~ This opinion piece was originally published in El País on May 6, 2015 ~
The Mexican state lacks the ability to pursue banned forms of exploitation.
In recent days, Mexican media outlets have used the term “slavery” to describe the situation of [agricultural] laborers in San Quintín, Baja California, and the woman chained to an ironing board [at a laundromat] in Mexico City. The word evokes a condition that we had assumed long passed, an image of blacks chained in boats setting sail from Africa or working in southern plantations in the United States. These cinematic constructions made us believe that the phenomenon had disappeared and that, therefore, the description used by Mexican media was wrong, or at least misunderstood.
Legally, slavery was a form of ownership of human beings based on international practices and national norms. The key was that people were given the quality of things, transferrable and usable, the same as any other object of commerce. States shaped and took charge of slavery, using administrative and legal systems to permit it, while punishing violations of rights that were considered legitimate. Slavery was morally questioned and progressively banned. Currently, it is prohibited and internationally sanctioned. No state can sanction it without assuming international liability.
The practices seen in Mexico do not constitute slavery, but rather are cases of forced labor. Correctly labeling the phenomenon makes it no less grave, in fact, it increases the seriousness of it. The Mexican state no longer guarantees abject legal conditions [like slavery] that used to be permitted by society, but it is also incapable of identifying and prosecuting forms of human exploitation abolished long ago.. In some cases, this is because it lacks the necessary force or the territorial presence to interfere in networks of organized crime. In some regions, organized crime forces people into various fields, including sex work, gangsterism, and serving as criminal lookouts, or construction. Freeing these people from such coercion will only come with the reduction of the influence of organized or, more optimistically, with the state’s timely and specific intervention in specific areas of that field of criminal activity. In other cases, that state’s inability to address the crime of forced labor is due to its lack of even a minimal capacity for the surveillance of citizens not involved in organized crime. To monitor everyday people who, in legal undertakings, carry out activities or maintain conditions of work that are illicit –those who, in an ordinary neighborhood, work daily in a laundromat, a strip club, a sewing factory, a bar or in agriculture, in a territory not controlled by the narco. In other cases, this ability to address the problem comes even when the state does have a certain capacity for surveillance, but its authorities do not exercise that capacity due to a prevailing atmosphere of corruption. This involves not seeing, not acting, not denouncing an establishment or its owners, despite knowing that someone there is being subjected to illegal conditions of labor.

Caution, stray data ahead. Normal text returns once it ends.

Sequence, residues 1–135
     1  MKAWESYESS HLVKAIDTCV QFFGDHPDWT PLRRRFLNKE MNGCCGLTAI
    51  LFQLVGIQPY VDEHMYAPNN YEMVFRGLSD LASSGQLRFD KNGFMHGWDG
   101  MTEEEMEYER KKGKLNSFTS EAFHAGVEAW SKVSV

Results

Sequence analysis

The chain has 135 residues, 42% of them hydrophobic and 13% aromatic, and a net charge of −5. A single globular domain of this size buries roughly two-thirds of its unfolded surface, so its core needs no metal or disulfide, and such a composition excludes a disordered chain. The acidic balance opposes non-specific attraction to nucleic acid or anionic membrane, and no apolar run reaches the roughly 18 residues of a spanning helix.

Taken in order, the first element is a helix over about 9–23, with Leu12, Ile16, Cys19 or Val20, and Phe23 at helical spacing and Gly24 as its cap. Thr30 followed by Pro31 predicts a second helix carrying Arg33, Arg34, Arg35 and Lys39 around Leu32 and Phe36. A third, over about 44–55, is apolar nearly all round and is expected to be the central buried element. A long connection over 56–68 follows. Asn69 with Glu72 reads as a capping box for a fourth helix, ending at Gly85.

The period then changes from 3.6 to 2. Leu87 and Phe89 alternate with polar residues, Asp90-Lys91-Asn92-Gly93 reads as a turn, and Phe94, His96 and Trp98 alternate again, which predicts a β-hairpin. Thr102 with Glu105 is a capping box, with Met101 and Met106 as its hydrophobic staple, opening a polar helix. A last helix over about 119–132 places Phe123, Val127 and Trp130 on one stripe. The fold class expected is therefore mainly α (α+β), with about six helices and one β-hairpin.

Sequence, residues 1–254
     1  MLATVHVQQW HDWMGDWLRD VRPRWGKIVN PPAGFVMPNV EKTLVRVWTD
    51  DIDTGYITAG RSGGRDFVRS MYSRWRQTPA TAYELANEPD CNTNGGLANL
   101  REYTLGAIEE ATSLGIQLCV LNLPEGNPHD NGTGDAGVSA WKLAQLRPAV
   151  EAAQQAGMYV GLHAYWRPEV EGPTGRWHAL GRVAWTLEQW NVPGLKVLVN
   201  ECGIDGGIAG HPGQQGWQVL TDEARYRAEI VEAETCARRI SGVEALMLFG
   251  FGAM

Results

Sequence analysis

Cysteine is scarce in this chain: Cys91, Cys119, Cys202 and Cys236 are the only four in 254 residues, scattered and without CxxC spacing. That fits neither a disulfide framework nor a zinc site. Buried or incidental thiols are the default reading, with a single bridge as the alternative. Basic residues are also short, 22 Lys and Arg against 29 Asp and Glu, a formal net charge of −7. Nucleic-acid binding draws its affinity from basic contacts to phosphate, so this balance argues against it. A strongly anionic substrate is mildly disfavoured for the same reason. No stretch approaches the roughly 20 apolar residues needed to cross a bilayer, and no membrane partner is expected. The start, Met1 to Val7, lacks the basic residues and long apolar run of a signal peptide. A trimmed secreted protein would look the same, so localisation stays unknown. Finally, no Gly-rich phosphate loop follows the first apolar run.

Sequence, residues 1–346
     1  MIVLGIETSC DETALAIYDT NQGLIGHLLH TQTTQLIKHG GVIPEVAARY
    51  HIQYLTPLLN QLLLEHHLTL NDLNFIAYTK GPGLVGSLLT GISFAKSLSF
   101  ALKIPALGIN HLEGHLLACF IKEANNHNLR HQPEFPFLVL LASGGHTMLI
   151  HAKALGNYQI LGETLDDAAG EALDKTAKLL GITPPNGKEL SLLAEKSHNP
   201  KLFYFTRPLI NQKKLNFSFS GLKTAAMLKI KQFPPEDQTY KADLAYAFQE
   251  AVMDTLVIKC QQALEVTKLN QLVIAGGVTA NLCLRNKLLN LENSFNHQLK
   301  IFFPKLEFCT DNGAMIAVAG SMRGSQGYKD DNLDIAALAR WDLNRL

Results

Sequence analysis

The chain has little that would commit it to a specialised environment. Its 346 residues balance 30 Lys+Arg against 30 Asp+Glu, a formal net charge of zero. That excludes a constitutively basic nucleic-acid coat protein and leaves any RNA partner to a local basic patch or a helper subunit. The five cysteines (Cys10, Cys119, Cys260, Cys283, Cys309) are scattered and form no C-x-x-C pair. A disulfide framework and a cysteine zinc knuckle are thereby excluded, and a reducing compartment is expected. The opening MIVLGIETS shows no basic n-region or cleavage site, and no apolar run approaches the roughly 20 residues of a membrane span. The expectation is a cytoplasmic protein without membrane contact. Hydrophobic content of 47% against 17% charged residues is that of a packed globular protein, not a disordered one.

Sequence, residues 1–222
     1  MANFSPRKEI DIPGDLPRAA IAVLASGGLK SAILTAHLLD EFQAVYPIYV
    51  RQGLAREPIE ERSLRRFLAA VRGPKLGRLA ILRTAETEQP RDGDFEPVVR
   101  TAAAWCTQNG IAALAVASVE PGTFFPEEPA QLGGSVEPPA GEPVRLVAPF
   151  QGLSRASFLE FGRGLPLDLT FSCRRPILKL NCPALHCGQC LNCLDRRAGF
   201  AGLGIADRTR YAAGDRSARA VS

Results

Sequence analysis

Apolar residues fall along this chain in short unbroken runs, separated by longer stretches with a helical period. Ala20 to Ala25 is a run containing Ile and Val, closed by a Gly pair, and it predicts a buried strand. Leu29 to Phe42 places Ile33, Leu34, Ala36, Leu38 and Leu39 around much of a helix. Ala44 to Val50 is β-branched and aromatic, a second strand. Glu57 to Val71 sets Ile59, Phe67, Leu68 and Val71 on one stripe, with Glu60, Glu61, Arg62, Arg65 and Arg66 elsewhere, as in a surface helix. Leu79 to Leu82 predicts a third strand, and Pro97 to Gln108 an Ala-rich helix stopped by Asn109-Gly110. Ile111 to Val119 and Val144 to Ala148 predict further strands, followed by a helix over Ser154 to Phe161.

In Mexico, there is not slavery in the institutional sense. There is no ownership of people, nor are they an object of legal commerce. There are, however, conditions of domination similar to those permitted under slavery. That this is true in many other countries is not a consolation, but rather an indication that the problem is both general and reprehensible in our time. There are strictly national solutions that involve recovering the state’s functions of surveillance. Labor and health inspections, knowledge of neighborhoods and their inhabitants, control over the corruption of inspectors and police. There are other solutions that involve combatting the criminality that determines the tasks of those living in territories it controls. There are other forms of confronting the forced submission that comes from the intervention of international networks and these solutions require international cooperation. Whatever form they take, these actions should be deployed. Combatting the growing existence of forced labor is one of the moral obligations of our time, just as slavery was for other generations.
José Ramón Cossío Díaz is a minister of Mexico’s Supreme Court. This essay was originally published by El País at: http://elpais.com/elpais/2015/05/06/opinion/1430906792_014078.html
Translation by Michael Lettieri, Trans-Border Institute